Dead Sea Scroll scholar Hartmut Stegemann of the University of Göttingen, Germany, died on August 22, 2005, at the age of 71 after a lengthy battle with cancer.
Part Sherlock Holmes, part crime scene investigator and part unassuming sleuth, Stegemann began studying the Dead Sea Scrolls in the 1950s as an assistant at the Dead Sea Scrolls Institute (Qumran-forschungsstelle) at the University of Heidelberg, where he first tried to reassemble fragments and create scrolls as they might have been two thousand years ago. In the early 1960s, he successfully reconstructed the Thanksgiving Hymns scroll (1QH), which, because of his loyalty to the official editors, he never published under his own name. Only when Emile Puech published his own reconstruction of the same document in the late 1980s did Stegemann reveal the agreement between his and Puech’s final products.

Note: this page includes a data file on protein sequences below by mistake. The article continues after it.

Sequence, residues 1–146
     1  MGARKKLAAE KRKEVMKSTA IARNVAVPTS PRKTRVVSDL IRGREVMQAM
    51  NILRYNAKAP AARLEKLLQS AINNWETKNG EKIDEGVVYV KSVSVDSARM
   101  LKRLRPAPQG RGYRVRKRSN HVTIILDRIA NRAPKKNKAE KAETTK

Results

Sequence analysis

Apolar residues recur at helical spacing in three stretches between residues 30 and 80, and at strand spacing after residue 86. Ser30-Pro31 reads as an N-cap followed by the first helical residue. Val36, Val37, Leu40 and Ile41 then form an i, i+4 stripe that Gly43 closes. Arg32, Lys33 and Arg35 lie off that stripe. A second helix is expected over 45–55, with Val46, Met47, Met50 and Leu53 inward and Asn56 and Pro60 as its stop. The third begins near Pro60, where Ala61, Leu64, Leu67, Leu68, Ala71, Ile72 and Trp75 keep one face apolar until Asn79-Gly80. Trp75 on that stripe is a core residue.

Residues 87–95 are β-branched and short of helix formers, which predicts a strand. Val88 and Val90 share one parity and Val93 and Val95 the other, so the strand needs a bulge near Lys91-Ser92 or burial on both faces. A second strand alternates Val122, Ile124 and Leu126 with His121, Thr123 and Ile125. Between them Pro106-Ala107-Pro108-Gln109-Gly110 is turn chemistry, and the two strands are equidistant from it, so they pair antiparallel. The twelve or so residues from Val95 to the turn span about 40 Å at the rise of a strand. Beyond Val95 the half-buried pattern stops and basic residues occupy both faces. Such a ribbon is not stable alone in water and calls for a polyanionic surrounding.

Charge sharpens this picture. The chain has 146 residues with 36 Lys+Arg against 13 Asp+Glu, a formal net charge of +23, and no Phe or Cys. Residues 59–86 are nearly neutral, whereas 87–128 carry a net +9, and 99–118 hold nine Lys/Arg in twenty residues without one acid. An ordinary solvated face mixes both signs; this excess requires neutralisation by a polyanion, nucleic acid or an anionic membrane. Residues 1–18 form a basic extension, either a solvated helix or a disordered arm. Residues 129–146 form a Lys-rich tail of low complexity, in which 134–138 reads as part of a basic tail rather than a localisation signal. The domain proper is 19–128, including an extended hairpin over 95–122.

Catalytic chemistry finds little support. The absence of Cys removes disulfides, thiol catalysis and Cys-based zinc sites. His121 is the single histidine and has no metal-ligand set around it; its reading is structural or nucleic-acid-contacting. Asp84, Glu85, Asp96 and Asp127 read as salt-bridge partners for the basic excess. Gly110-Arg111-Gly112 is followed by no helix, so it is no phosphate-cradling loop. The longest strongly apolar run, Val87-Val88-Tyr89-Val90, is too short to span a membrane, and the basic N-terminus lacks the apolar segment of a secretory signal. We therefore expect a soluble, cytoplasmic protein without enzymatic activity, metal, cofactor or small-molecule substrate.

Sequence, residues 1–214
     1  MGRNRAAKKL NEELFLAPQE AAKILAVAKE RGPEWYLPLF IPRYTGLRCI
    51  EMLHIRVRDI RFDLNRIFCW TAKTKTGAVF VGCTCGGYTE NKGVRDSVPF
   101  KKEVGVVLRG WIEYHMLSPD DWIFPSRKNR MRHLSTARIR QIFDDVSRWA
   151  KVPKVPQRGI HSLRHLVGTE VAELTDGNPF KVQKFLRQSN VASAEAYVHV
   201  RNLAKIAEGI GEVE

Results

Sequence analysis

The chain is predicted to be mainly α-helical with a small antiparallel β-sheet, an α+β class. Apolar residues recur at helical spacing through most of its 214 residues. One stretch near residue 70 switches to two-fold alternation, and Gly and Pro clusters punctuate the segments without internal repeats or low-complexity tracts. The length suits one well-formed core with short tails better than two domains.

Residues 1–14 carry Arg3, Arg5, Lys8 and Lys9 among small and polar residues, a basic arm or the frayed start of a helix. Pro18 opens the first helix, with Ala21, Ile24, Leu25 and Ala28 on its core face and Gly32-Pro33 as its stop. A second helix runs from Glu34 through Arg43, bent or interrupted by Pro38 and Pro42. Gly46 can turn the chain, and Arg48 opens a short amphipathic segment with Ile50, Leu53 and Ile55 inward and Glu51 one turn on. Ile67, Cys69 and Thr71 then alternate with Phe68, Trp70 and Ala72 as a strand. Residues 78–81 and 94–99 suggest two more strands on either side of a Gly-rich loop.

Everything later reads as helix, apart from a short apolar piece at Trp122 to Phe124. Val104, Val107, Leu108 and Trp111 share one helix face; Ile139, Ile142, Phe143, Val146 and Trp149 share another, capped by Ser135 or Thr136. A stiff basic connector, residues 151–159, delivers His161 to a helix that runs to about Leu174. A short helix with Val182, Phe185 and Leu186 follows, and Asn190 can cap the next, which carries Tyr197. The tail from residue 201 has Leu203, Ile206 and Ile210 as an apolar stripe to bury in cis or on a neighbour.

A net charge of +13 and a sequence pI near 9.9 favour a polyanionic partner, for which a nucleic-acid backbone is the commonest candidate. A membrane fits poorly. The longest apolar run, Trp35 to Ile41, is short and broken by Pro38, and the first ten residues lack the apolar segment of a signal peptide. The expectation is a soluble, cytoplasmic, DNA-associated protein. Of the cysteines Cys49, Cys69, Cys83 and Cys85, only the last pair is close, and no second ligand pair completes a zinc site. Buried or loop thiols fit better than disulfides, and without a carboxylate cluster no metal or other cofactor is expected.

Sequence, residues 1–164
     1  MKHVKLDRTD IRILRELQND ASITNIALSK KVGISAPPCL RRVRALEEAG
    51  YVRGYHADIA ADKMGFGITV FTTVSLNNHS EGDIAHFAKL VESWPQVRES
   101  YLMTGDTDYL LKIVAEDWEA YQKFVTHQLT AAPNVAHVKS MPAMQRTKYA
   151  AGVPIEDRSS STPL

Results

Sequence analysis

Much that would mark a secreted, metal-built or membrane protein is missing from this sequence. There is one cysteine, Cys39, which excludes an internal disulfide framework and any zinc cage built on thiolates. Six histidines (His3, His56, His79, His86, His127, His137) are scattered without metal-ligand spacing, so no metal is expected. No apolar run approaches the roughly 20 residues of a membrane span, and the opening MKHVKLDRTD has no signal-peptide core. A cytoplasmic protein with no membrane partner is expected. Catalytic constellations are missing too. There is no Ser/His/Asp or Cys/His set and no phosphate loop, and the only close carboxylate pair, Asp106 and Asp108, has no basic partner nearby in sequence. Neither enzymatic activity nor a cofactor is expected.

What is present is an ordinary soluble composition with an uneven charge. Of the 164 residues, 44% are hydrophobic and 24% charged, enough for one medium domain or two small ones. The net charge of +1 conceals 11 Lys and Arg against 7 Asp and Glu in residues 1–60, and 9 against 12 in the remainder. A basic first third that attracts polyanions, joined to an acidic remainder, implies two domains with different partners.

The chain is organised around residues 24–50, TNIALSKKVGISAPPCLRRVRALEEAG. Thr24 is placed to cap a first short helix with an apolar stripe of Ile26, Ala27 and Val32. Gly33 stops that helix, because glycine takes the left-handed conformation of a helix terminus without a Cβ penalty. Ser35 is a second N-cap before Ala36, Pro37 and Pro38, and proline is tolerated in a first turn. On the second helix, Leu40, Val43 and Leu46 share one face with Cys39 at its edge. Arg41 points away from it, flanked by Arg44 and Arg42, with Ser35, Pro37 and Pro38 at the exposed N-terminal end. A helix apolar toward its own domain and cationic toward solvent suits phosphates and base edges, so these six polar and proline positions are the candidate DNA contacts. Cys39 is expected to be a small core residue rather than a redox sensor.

For many years Professor Stegemann was known for his dissertation on the emergence of the Qumran community. After studying and working at the University of Heidelberg,he taught New Testament at the University of Marburg and the University of Göttingen, where he directed the Dead Sea Scrolls Institute.
For several years I rode with Professor Stegemann from Marburg, where we both lived, to Göttingen. Sometimes we talked about the Temple Scroll (11QT) or the Aramaic Enoch fragments (4QEnoch), which he was teaching at the time, or the famous (or infamous) Some of the Works of the Law (4QMMT), which every Qumran scholar wanted to study and write about. Occasionally we just listened to Harry Belafonte sing “Daylight come and me want to go home.”